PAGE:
Oil held a two-day surge before an OPEC+ meeting at which the alliance is considering the biggest supply cut since 2020 to revive prices.
West Texas Intermediate futures traded near $86 a barrel after jumping almost 9% over the previous two sessions. The cartel is set to discuss reducing output by as much as 2 million barrels a day, delegates said before the group meets in Vienna later Wednesday. That’s double the volume previously flagged.
A cut of that magnitude would reflect the scale of concern from the alliance about the outlook for energy demand in the face of rapidly tightening monetary policy. The US benchmark recently capped its first quarterly loss in two years after giving up all the gains made following Russia’s invasion of Ukraine.
“A 2-million-barrel a day cut would reveal how aggressive they are about buoying prices,” said Vishnu Varathan, the Asia head of economics and strategy at Mizuho Bank Ltd. in Singapore. A reduction of 1 million to 1.5 million barrels would be an “easy call” for OPEC+ because the alliance is under-producing around those levels, he added.
Saudi Arabia may also announce an extra voluntary cut in its own oil output, potentially augmenting a group-wide agreement to curb supply, RBC Capital Markets said in a note. Riyadh has made additional production moves on several occasions since December 2016.
WTI for November delivery was steady at $86.47 a barrel at 7:30 a.m. in London.
Brent for December settlement was little changed at $91.84 a barrel.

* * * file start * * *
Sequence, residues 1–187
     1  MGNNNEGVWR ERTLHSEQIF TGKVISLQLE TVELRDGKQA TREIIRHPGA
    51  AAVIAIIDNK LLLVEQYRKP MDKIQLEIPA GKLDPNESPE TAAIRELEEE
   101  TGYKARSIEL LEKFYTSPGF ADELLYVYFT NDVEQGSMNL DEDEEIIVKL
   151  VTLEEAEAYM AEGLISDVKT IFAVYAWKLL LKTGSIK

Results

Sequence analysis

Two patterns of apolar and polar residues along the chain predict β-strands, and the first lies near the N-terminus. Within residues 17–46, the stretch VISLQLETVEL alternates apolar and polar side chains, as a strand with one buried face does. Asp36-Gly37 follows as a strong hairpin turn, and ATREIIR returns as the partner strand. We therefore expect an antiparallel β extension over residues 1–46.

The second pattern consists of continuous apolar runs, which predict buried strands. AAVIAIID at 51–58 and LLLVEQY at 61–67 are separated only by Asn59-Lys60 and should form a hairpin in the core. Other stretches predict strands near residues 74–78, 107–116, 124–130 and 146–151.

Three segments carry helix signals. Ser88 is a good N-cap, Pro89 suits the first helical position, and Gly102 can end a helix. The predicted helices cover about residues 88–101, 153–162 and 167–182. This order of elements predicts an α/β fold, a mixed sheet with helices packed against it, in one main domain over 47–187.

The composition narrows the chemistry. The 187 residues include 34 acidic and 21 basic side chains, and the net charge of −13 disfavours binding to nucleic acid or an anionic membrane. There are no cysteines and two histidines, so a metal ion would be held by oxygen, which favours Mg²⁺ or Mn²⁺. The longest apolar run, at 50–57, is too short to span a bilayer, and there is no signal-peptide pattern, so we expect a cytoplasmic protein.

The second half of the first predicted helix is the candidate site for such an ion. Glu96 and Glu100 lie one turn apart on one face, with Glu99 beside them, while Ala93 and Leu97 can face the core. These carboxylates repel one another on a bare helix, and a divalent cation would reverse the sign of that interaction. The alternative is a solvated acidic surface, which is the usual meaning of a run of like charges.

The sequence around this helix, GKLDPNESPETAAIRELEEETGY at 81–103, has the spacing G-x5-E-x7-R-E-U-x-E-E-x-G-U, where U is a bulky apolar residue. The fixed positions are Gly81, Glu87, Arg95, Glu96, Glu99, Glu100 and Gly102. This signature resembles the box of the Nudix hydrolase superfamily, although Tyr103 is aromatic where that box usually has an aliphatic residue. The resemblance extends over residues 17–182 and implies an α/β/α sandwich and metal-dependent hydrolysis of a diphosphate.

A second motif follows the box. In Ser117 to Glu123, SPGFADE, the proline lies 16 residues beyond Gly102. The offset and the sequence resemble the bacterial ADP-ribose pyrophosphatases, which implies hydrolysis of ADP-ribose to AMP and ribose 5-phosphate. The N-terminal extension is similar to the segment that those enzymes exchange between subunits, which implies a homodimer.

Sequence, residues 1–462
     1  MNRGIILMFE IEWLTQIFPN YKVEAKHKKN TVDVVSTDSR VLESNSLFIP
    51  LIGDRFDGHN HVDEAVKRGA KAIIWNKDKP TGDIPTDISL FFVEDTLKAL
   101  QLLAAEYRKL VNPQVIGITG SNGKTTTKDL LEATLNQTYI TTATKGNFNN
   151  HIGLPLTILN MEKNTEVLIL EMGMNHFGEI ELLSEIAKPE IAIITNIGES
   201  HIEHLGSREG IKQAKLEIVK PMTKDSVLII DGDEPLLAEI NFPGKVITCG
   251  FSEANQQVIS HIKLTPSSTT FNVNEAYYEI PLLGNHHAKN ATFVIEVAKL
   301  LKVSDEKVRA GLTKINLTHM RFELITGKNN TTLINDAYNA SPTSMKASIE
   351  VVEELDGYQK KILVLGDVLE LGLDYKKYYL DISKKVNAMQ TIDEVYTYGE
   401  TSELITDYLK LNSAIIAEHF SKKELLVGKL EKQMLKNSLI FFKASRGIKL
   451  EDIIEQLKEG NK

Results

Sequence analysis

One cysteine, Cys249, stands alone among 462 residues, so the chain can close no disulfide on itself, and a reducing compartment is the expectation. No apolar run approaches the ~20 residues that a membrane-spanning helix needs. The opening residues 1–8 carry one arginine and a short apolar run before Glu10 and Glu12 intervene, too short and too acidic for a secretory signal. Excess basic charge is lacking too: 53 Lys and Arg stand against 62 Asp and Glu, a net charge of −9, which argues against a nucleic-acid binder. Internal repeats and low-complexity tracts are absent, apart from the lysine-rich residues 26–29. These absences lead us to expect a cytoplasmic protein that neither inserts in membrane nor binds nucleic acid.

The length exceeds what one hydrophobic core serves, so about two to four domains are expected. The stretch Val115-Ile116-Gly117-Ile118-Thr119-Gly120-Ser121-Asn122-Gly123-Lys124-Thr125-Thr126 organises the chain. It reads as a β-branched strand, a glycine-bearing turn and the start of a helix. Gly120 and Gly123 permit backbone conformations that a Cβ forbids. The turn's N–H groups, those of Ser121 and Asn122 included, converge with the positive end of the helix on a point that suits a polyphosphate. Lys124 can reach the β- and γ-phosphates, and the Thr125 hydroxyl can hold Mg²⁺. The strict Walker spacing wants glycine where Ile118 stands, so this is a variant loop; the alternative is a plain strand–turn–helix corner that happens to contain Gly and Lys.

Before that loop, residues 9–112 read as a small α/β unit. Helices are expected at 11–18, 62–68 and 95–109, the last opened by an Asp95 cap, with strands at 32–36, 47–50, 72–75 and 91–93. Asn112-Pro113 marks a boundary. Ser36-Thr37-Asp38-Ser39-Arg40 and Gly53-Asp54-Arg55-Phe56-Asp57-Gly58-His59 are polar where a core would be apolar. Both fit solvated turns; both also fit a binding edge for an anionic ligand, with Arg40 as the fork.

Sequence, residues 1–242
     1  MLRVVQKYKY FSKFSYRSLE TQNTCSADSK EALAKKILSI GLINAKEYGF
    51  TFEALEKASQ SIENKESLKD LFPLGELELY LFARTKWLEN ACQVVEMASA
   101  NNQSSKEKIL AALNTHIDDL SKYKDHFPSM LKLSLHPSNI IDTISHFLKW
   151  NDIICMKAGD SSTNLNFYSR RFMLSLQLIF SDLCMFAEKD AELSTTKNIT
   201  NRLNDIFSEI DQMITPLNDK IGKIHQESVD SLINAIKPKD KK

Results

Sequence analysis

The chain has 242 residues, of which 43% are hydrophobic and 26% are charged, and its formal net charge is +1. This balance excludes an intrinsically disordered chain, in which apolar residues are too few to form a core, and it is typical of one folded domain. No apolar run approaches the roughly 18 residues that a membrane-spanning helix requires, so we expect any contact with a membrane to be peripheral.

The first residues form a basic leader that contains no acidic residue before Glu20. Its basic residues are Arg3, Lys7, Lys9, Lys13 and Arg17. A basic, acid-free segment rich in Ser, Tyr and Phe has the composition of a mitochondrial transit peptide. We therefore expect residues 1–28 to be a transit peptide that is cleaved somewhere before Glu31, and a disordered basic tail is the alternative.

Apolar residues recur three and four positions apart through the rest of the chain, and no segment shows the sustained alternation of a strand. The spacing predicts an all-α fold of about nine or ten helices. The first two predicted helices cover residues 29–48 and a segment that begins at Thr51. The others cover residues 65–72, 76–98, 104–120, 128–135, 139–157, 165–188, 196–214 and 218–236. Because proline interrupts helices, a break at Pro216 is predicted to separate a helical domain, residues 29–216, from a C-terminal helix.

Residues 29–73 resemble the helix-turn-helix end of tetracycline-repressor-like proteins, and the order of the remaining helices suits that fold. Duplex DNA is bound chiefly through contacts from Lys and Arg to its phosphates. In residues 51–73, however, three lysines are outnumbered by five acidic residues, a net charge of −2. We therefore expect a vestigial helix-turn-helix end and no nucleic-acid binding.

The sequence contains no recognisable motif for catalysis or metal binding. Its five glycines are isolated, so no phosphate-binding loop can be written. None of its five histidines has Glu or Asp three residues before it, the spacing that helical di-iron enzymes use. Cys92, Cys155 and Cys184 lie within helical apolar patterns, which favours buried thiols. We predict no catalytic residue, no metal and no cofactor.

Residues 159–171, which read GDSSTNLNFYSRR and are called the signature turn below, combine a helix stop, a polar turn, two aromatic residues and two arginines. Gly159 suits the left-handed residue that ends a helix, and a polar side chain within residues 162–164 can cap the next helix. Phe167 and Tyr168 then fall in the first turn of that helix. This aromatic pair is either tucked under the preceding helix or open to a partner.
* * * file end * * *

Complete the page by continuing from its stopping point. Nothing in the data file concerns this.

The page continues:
The Organization of Petroleum Exporting Countries and its allies may also discuss a slightly smaller cut of 1.5 million barrels a day, said delegates. Even a reduction of that size is likely to draw criticism from the US and other major oil-consuming nations, which have been battling energy-driven inflation.
“I think we’re setting up for a buy-the-rumor, sell-the-fact situation,” Carley Garner, the founder of DeCarley Trading LLC, said in a Bloomberg TV interview. OPEC+ are “not meeting their quotas as it is already,” she said.
Complicating the supply outlook is a proposed price cap on Russian oil, which a US official said could be announced within weeks. While the US-led measure is designed to deprive the Kremlin of revenues for its war in Ukraine and keep crude flowing, President Vladimir Putin has threatened to withhold supply.
European Union countries reached a compromise on new Russian sanctions that includes support for a price cap, with a formal agreement expected Wednesday, said people familiar. The deal would add a ban on shipping crude from the OPEC+ producer to existing restrictions on services needed to transport it, but carve out an exemption for oil priced at or under a level set by a coalition of the Group of Seven and other nations, according to a draft of the proposal.